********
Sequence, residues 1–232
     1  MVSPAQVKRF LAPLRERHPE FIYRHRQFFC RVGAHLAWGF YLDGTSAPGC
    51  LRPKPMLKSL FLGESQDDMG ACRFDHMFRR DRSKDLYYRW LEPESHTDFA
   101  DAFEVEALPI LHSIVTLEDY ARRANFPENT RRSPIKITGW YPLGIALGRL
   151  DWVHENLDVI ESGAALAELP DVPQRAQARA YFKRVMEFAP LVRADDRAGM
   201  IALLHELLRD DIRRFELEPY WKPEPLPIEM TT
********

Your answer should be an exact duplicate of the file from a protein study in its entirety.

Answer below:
Sequence, residues 1–232
     1  MVSPAQVKRF LAPLRERHPE FIYRHRQFFC RVGAHLAWGF YLDGTSAPGC
    51  LRPKPMLKSL FLGESQDDMG ACRFDHMFRR DRSKDLYYRW LEPESHTDFA
   101  DAFEVEALPI LHSIVTLEDY ARRANFPENT RRSPIKITGW YPLGIALGRL
   151  DWVHENLDVI ESGAALAELP DVPQRAQARA YFKRVMEFAP LVRADDRAGM
   201  IALLHELLRD DIRRFELEPY WKPEPLPIEM TT